Strength to Survive and Succeed

Overcoming impossibilities won’t always mean solving the crisis that creates them. Sometimes God receives higher praise by teaching us to live with our problems and still refuse defeat. Contrary to Nietzsche, our weaknesses—not our crises—give us strength to survive and succeed. Paul lived with an unidentified, tormenting problem until he died. He begged God to remove it. But God refused, telling him, “My grace is sufficient for you, for my power is made perfect in weakness.” (2 Corinthians 12.9a) Many times God gains greater glory when we—and others around us—know we’ve got a serious problem that can’t defeat us because we invest total trust in God’s faithfulness and strength. Once Paul got this, his crisis became his crown. He writes, “I will boast all the more gladly about my weaknesses, so that Christ’s power may rest on me.” (v9b)

Instead of fretting over his weaknesses, Paul gladly boasts in them. David does likewise in Psalm 30. After seeing no point in defeat, he distances himself from the problem to make room for God. “O LORD, be my help.” (v10) With that, he too is overcome with gladness. “You turned my wailing into dancing; you removed my sackcloth and clothed me with joy.” (v11) Did God fix the problem? David doesn’t say. But He certainly fixed David’s feelings about it. The poem closes with a vow: “O LORD my God, I will give you thanks forever.” (v12) Praise is the point in every struggle we face. And since there’s no praise in defeat, there’s no point in it either.

Getting us back on our feet is how God gets praise. He finds no glory when we lie down in defeat.

(Tomorrow: Keeping Track)

Thursday, October 22, 2009

Our Right to Representation

If anybody does sin, we have one who speaks to the Father in our defense. (1 John 2.1)

Miranda and Christ

In March 1963, Phoenix police detained Ernesto Miranda for the rape of a mentally disabled 18-year-old woman. At 22, he was a known criminal with a long history of arrests. He’d spent most of youth in custody. A 15-month Army stint ended dishonorably after he’d repeatedly gone AWOL to satisfy voyeuristic urges. When they picked him up, police also suspected him in several similar rapes. Questioning led to confession. Since he confessed without benefit of counsel, however, the Supreme Court vacated his sentence, holding his Constitutional right to representation had been violated. The ruling didn’t spare him. Additional evidence convicted him on retrial. Within a year of his 1975 parole, he was stabbed to death in a bar brawl. Yet, because of his crime and the officers’ indifference, hardly a moment passes in the US—and most of the free world—without Miranda’s case being invoked to guarantee due process of law.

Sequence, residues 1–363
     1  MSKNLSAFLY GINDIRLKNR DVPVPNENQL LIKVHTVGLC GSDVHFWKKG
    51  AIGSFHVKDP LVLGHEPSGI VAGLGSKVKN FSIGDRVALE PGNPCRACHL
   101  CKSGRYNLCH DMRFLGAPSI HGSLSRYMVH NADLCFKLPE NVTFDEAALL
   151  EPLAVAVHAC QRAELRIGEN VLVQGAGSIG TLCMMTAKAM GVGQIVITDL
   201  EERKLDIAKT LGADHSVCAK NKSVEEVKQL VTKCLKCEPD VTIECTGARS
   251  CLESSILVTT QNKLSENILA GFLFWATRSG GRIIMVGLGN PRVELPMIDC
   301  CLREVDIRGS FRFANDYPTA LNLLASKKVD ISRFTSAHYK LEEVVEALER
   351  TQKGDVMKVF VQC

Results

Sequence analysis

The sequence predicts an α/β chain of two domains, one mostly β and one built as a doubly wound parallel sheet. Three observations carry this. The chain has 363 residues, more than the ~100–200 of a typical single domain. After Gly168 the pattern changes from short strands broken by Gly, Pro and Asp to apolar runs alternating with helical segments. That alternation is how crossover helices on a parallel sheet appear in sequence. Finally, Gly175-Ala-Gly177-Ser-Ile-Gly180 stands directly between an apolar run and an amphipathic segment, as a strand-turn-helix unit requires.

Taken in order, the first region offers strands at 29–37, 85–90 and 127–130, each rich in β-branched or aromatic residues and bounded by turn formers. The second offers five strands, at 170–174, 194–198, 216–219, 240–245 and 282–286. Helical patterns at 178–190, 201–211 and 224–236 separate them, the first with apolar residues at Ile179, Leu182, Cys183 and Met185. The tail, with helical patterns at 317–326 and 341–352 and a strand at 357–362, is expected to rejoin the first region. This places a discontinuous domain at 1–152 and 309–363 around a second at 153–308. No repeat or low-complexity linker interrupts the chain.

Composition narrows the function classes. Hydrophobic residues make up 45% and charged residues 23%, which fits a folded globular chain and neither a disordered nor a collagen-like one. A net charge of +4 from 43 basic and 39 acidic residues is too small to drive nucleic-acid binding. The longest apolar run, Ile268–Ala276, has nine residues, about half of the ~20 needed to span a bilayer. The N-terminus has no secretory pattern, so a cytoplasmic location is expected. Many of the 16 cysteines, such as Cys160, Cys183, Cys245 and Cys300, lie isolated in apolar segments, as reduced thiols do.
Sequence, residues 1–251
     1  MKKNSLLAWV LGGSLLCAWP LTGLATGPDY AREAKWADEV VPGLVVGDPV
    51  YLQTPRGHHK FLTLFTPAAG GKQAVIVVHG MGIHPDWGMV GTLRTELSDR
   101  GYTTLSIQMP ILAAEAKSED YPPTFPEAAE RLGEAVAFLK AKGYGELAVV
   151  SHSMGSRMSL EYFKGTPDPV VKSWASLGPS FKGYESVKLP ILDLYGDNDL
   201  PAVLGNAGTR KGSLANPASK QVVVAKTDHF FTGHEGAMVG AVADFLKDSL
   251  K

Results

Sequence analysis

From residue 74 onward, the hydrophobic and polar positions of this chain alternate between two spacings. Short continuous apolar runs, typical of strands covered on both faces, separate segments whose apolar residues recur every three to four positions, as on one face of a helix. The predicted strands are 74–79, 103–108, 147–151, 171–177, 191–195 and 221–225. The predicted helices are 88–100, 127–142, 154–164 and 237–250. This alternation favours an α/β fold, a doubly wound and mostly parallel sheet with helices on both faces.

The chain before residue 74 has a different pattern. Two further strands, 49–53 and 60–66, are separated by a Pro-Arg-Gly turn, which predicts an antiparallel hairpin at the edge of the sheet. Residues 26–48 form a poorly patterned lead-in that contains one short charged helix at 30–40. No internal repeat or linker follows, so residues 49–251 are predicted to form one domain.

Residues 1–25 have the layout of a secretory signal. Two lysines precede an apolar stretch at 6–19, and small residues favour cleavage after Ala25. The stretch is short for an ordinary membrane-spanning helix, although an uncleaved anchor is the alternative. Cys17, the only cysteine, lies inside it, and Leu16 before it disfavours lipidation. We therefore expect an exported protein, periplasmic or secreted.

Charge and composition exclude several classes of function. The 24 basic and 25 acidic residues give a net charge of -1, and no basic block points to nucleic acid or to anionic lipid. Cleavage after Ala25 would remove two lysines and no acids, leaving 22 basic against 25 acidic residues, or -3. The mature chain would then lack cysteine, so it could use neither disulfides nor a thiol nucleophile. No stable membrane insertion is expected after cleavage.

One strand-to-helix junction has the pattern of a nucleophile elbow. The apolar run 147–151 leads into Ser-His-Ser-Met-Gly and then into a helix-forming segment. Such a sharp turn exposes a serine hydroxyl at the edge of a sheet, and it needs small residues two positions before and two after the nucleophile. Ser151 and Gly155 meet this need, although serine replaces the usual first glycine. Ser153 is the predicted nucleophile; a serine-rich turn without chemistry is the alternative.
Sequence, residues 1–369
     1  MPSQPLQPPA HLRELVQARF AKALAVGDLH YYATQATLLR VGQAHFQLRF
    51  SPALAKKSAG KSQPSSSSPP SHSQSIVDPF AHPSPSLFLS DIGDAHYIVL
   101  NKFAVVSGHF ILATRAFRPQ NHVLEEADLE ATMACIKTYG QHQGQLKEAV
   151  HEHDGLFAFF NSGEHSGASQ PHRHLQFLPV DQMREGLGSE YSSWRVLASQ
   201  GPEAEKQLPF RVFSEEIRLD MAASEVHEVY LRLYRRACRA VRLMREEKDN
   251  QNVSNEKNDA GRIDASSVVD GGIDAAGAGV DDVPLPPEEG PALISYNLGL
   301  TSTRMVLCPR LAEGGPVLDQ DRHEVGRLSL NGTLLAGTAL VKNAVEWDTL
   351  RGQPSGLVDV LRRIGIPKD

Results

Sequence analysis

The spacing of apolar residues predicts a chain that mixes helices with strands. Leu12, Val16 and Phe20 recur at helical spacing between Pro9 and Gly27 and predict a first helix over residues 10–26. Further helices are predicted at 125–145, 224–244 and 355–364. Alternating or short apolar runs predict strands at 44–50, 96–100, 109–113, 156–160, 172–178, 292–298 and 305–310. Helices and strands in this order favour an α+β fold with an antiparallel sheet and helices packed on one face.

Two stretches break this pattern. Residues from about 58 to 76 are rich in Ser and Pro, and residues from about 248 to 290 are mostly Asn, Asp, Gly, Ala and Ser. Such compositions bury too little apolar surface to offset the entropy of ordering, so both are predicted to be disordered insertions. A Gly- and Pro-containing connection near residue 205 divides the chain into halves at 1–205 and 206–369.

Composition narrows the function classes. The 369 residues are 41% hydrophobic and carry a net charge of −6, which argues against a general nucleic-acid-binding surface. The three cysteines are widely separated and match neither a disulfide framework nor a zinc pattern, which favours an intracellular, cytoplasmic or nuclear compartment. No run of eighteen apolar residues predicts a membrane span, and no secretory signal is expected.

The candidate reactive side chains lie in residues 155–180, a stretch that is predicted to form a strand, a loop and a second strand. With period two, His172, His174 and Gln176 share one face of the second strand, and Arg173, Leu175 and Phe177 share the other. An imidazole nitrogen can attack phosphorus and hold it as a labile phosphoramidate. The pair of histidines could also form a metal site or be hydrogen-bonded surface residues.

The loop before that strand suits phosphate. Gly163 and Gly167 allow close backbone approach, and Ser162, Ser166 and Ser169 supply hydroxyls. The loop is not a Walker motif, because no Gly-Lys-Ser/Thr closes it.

While parallels between Miranda and Christ aren’t exact, they’re notably similar. Both set lasting precedents to ensure protection against coerced admissions of guilt. Both were charged as a result of reckless indifference. Just as Miranda’s arresting officers ignored his rights to secure his conviction, legal and religious figures of Jesus’s day were so determined to stop Him, they fomented outcry for His crucifixion when neither Herod nor Pilate found grounds to put Him to death. And though we feel squeamish about comparing a confessed rapist to Jesus, the crimes that nailed Him to the cross actually exceed—and include—Miranda’s offenses. As 2 Corinthians 5.21 explains, “God made him who had no sin to be sin for us, so that in him we might become the righteousness of God.” Miranda and Christ share a lot more in common than we prefer to imagine.

Three Major Principles

Despite similarities in their cases, however, the outcomes couldn’t be more dissimilar. Miranda still paid for his crimes and died in ignominy, no more than a tarnished footnote in legal history. Jesus ultimately triumphed over sin, became the greatest influence in human history, and after literally vacating His death sentence, and now serves as the greatest legal advocate humanity has ever known. The size of His caseload equals the global population—not merely the present figure, but the aggregate representing every man, woman, and child who ever lived. Though we have no idea how, He is everywhere with everyone all the time. His constant guidance keeps millions out of trouble. His genius for crisis resolution knows no bounds. His counsel in handling accusations and legal malfeasance is flawless. And while staying constantly busy with these activities, He’s always—always—pleading God’s mercy in our defense.